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Crowded or Crooked Teeth in Older Adults

By Shelby Tatomir on May 10, 2019 in Dental Health


We’re straightening out the misconception that braces are just for kids. Click to learn what experts

Our teeth determine how our mouth functions. Take chewing, for example. Thousands of years ago, humans ate much tougher foods than we do today. They certainly weren’t using knives and forks to cut up their steaks. Since we’ve shifted to softer foods, our jaws aren’t exercising like they once did. As a result, we’ve evolved and now have smaller jaws. But, our teeth still take up the same amount of space. This contributes to why we get crooked or crowded teeth.

When our molars come in, they can push their way into a too-small space. They can cause our teeth to shift. That’s why many opt for wisdom teeth removal. Malocclusion is an umbrella term for when our teeth and jaw grow and develop in variations of their correct position. It’s one of the most common oral health conditions. Crowded teeth have been proven to negatively impact your quality of life and self-esteem! 

Crooked teeth don’t have an age limit. Have you ever wondered how our teeth or bite shift? Or why flossing is more difficult as we grow older? Crowded teeth are a common side effect of aging for a variety of reasons. The oral health of older adults is impacted by: 

  • Genetics
  • Oral health habits
  • Lifestyle habits
  • Dental disease
  • Overall health
  • Nutrition

How Do Crowded or Crooked Teeth Impact our Lives?

The top teeth and bottom teeth are designed to bite together evenly. When our bite is misaligned, it can impact chewing, speaking, and smiling. Did you know that it can also lead to feelings of tiredness and pain? 

One study found that:

  • 62 percent of adults with bite problems surveyed reported facial pain,
  • 41 percent reported headaches or migraines,
  • and another 41 percent reported teeth sensitivity.

If you’ve noticed teeth crowding as you age, but don’t have pain, that’s great news! But, that doesn’t mean they aren’t causing issues. Flossing is more difficult and less effective with crooked teeth. As we try to slide it between our teeth, crowding and uneven pressure can trap plaque and hide bacteria. 

Are you asking yourself, “what can I do about misaligned or crooked teeth?”

Braces in adulthood are nothing to fear. Because our oral health significantly impacts our overall wellness, getting braces isn’t merely a cosmetic fix. It can also reduce tooth decay, gum disease, and a slew of other oral and overall health concerns. Adults like you are choosing to straighten their teeth later in life more and more.  The American Association of Orthodontists noted that one in five orthodontic patients are over age 18 these days! One orthodontist reported that half of his patients today are adults.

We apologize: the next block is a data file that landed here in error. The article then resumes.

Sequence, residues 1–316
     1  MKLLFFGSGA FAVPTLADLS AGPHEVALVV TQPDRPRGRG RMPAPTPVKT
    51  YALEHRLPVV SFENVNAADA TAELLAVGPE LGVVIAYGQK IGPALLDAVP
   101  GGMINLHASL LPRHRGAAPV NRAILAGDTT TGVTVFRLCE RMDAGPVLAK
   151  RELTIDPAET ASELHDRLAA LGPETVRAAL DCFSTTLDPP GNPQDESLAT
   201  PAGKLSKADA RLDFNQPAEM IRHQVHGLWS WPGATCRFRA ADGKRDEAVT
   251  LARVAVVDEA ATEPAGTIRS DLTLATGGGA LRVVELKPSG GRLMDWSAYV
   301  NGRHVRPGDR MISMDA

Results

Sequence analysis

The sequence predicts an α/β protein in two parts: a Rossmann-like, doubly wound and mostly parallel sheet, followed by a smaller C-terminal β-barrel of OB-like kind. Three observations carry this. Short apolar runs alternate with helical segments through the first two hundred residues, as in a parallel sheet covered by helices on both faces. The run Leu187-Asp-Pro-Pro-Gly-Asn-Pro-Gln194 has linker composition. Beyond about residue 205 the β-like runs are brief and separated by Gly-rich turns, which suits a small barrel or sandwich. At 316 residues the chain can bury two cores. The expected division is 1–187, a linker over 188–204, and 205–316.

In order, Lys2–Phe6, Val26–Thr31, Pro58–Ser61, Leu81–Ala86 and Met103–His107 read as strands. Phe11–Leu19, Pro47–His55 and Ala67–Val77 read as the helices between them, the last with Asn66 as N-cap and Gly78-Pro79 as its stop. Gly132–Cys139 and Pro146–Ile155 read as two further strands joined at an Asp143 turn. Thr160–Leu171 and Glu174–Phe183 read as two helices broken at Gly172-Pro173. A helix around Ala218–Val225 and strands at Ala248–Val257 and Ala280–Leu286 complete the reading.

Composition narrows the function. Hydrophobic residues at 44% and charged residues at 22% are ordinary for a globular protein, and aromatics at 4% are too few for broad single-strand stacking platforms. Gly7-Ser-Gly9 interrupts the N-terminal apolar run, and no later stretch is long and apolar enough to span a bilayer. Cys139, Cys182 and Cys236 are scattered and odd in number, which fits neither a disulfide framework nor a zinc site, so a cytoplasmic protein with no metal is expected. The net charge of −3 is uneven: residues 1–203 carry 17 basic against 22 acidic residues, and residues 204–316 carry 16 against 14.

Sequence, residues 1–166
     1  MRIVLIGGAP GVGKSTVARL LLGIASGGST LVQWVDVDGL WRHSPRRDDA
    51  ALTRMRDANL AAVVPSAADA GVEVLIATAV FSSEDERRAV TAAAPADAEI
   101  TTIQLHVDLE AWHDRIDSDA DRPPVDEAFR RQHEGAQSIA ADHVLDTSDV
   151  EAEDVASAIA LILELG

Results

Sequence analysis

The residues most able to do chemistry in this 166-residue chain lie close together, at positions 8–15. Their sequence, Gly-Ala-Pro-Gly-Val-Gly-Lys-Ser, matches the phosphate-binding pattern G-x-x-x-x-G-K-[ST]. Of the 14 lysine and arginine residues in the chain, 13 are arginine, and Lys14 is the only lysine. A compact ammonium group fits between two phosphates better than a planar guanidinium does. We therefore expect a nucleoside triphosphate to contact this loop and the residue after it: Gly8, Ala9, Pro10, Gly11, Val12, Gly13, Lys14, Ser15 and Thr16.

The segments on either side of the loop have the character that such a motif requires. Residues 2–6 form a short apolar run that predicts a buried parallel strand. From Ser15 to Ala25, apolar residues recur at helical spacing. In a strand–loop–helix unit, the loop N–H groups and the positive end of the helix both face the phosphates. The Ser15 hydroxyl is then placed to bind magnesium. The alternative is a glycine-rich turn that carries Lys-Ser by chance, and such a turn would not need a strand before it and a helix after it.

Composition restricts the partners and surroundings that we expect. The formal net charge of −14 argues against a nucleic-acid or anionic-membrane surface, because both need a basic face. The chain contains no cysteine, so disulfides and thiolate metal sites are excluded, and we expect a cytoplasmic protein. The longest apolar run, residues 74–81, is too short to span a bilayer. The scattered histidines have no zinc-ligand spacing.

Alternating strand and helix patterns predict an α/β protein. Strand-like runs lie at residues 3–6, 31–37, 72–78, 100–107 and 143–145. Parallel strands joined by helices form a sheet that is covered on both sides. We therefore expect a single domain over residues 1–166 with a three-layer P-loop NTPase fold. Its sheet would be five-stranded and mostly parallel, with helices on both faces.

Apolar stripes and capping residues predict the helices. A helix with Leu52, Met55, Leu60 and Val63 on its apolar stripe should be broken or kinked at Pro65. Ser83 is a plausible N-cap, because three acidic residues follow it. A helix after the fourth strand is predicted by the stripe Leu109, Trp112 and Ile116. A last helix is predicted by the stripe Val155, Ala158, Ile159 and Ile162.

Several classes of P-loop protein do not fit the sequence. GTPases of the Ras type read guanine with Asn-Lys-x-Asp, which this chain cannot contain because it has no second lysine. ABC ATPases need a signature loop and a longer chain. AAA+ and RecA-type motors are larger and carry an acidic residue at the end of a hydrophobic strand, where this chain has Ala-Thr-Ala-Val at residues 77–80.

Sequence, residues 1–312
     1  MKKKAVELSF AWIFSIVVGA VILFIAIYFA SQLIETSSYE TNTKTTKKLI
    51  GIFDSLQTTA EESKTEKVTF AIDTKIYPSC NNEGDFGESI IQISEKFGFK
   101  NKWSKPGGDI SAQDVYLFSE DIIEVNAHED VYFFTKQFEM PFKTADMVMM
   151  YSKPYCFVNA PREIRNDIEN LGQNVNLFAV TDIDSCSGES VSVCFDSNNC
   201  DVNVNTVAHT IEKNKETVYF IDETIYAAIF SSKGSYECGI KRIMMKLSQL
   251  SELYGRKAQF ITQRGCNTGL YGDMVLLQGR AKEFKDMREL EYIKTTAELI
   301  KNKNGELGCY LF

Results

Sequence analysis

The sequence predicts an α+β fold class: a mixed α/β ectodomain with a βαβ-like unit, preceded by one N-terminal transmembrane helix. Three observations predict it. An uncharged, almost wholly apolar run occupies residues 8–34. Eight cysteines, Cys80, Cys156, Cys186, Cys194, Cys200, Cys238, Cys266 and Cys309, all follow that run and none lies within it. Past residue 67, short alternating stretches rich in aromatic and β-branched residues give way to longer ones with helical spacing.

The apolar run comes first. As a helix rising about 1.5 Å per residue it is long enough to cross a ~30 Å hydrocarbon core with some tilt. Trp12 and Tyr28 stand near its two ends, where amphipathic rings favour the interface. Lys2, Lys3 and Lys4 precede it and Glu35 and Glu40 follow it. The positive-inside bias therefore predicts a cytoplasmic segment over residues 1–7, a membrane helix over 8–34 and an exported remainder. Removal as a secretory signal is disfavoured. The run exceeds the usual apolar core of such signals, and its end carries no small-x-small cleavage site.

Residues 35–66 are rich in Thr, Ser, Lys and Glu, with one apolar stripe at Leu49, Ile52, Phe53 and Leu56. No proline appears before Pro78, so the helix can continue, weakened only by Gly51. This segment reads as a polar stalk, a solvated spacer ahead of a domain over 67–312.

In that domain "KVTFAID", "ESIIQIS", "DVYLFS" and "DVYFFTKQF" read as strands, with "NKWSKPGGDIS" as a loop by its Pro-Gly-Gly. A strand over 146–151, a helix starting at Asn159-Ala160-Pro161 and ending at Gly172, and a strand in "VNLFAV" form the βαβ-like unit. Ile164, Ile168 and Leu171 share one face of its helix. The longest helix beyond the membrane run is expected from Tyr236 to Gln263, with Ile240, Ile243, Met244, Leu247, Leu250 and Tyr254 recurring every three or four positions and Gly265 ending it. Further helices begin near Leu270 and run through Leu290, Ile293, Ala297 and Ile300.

Braces place pressure on the teeth to adjust them so that your bite aligns. Appointments every few months allow your orthodontist to make adjustments and keep the alignment process going. Your dentist appointments are still vital, even if you’re seeing the orthodontist. Your teeth still need twice a year cleanings (possibly more-so) when you have braces. 

Because older adults are keeping their teeth longer, it’s important we know how to keep them healthy! Braces and preventive care can help an adult with teeth crowding maintain their oral health.

The most common types of braces:

Standard metal braces: brackets are glued to the teeth and connected with a wire. The wire is tightened every one to two months, slowly moving the jaw and teeth into place. These are around $5,000 to $9,000.

  • Ceramic braces: Ceramic braces are similar to metal braces, but their brackets are clear or tooth-colored. They are slightly more expensive.
  • Clear aligners: Clear trays are designed to fit seamlessly over your teeth. They can help with minor shifting of the teeth. These run between $3,000 and $5,000.
  • Lingual braces: These lesser-known braces fit on the inside of your teeth rather than the outside.  

Unfortunately, many older adults don’t think braces are right for them because of their age. When surveyed, participants in their 50s, 60s, and 70s were 30 percent less likely to be interested in orthodontia than those in their 20’s. 

Remember, straight teeth aren’t just for the young! And having a healthy smile can keep you young. Individuals surveyed over 40 years old thought “they were ‘too old’ for orthodontic treatment”  - we’re here to help change that misconception! 

Take the time to discuss with your dentist if straightening your teeth would benefit your smile and your wellness. Your orthodontic coverage and options may vary based on your plan type.

Understanding your coverage is the best way to take advantage of its features. Review your plan details to understand what your coverage looks like in regards to your treatment. Questions? Contact us.